The first one is the port property.
By default, all integer literals in the build script are boxed as Integer instances.
This means that if we want an Int property in our class we will actually need to deal with Integer instances under the hood.
This conversion is seamlessly taken care of by a specialized version of our delegate.
Specialized delegate version for integersThe second property that warrants our attention is the one that links our server configuration to the queue configuration.
If you recall from our DSL example, the queues property is a container of possibly several different ElasticMQ queues.
Fortunately, Gradle supplies us with a convenient way to create object containers.
It even allows us to specify how each instance is created!.But just exposing this container is not enough, our users should be able to configure it easily using just a code block.
Queue configuration inside our Server configuration classThe most interesting parts of the previous code snippet are the queues methods.
Gradle’s API only allows us to configure an object container through a Groovy Closure, however, handling those in pure Kotlin is a bit of a hassle.
Therefore we expose a Kotlin-specific method that allows the user to configure the container with a regular function, turning it automatically into a Closure.
We still need to expose the Closure version as well, though.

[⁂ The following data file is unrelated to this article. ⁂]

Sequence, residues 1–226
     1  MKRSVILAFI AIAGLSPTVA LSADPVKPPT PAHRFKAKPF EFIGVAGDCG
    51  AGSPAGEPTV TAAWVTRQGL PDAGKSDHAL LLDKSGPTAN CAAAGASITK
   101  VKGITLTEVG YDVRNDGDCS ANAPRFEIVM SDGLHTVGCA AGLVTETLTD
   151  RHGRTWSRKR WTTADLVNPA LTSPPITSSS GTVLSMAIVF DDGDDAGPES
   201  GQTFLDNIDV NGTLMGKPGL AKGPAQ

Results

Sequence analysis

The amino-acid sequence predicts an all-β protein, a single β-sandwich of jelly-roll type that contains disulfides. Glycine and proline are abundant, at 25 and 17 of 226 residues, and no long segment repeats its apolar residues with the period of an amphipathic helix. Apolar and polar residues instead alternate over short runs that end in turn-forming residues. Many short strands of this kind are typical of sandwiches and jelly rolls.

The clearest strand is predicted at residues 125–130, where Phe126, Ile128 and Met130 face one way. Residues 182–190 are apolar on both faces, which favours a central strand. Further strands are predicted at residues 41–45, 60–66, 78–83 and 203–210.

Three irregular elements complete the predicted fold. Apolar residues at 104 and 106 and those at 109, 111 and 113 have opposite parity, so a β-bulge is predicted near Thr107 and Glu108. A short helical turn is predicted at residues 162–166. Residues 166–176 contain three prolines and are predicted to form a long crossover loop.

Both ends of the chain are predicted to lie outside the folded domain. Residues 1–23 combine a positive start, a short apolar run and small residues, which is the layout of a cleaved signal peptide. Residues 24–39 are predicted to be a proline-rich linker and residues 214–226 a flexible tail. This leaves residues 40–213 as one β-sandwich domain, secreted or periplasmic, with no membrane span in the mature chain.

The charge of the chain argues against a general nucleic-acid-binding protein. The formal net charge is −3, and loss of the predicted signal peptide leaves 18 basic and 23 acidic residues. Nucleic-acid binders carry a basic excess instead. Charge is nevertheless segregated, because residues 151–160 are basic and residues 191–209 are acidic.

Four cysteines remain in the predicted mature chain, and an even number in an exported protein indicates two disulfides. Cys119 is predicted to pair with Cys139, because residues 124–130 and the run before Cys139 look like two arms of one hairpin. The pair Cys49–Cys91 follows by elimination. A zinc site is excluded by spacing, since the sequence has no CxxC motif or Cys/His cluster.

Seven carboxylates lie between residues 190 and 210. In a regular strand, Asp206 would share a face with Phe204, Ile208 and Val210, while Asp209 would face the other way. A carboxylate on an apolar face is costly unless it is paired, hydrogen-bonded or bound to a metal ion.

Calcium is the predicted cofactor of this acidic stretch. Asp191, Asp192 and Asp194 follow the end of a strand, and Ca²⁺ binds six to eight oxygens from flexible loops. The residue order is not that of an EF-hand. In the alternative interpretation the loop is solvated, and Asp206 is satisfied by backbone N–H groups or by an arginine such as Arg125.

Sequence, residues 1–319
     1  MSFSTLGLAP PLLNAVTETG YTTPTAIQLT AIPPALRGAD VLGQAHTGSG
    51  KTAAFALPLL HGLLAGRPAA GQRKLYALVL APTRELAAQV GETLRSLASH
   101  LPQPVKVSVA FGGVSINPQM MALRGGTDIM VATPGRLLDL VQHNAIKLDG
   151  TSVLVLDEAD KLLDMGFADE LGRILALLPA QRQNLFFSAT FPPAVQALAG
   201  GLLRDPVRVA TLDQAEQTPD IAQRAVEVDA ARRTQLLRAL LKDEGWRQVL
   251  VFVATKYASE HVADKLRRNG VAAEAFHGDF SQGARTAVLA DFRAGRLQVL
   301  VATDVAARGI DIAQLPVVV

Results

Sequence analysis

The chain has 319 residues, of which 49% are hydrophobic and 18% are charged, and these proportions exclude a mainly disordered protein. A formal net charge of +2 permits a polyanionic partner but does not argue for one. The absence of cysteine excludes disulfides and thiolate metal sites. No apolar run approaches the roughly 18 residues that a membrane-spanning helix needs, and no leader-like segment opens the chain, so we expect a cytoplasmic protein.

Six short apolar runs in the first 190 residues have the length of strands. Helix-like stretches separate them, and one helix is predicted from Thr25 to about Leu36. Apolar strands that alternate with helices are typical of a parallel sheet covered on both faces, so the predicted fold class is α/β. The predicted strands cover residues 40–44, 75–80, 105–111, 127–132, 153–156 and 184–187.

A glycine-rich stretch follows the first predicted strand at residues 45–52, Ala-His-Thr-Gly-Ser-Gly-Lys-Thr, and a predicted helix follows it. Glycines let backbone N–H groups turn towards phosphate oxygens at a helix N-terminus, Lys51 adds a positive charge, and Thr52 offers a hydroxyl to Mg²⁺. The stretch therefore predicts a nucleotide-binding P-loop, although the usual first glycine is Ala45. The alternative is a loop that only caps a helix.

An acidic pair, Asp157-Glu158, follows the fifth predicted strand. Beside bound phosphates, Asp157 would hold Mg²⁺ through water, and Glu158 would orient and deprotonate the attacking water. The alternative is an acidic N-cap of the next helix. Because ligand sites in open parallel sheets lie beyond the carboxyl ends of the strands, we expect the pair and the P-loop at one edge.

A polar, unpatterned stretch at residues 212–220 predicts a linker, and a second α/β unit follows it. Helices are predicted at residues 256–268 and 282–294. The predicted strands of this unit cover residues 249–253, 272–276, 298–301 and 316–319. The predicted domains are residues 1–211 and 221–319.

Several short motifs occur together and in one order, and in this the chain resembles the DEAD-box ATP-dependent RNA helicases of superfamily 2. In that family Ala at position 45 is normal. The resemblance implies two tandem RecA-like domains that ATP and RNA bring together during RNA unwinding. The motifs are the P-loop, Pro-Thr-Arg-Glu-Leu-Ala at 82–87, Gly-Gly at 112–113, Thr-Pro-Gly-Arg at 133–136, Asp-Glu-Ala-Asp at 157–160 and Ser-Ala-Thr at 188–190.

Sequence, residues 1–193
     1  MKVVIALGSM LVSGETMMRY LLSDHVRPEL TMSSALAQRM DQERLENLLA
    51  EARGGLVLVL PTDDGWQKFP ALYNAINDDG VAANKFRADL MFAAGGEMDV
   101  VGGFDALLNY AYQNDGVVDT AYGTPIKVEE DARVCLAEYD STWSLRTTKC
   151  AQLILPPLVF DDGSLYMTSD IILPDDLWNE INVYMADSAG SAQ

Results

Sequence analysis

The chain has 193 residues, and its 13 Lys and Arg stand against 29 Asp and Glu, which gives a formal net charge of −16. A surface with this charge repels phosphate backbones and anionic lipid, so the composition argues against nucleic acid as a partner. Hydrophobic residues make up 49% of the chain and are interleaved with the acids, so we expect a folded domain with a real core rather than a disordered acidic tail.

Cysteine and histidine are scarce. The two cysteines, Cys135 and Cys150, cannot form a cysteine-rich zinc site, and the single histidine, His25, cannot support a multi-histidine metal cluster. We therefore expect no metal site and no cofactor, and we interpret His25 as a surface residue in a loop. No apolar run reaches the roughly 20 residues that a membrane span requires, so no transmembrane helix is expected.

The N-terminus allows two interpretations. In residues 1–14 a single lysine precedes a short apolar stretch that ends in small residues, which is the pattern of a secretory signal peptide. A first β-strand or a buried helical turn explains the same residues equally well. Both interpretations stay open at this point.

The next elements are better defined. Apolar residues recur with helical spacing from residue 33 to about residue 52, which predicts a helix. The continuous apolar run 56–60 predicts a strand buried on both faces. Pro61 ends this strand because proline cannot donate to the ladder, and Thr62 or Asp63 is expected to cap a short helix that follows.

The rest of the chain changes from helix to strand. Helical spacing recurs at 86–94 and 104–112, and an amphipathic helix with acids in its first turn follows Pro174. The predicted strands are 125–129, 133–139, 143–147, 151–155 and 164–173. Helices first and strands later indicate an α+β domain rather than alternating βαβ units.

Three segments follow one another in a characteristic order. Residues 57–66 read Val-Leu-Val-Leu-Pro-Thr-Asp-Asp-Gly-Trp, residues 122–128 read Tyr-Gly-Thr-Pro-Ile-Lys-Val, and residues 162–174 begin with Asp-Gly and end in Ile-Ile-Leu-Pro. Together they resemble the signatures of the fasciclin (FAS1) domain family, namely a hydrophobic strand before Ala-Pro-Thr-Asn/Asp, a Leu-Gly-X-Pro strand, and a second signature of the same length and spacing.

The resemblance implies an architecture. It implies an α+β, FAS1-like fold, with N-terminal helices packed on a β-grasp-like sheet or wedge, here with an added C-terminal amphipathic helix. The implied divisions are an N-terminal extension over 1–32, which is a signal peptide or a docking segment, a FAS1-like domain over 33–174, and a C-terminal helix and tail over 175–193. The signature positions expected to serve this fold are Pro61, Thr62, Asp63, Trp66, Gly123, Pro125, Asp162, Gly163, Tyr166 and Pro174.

This means that, regardless of using the Groovy or the Kotlin DSL, our users can easily configure the queues by just supplying a lambda!.One thing you might have noticed is that we did a simple trick to help us.
Since the container type is quite verbose we just created a type alias to save us some keystrokes.
Type alias to reason more easily about the containersWe could stop our DSL at this point and just specify that our top-level element is a container of ServerInstanceConfiguration instances.
However, we add another layer on top which allows us to define overarching configuration options.
While not required for this particular version of the DSL it could become useful in the future (e.
add a default value for all of the queue configurations).
The class for this will only need to have a container of the server configuration instances (which will be similar to the queue container detailed before).
There is one particular aspect that needs to be noted: this top-level class must be open.
By default Kotlin classes are final and cannot be extended, however, Gradle relies heavily on proxying classes.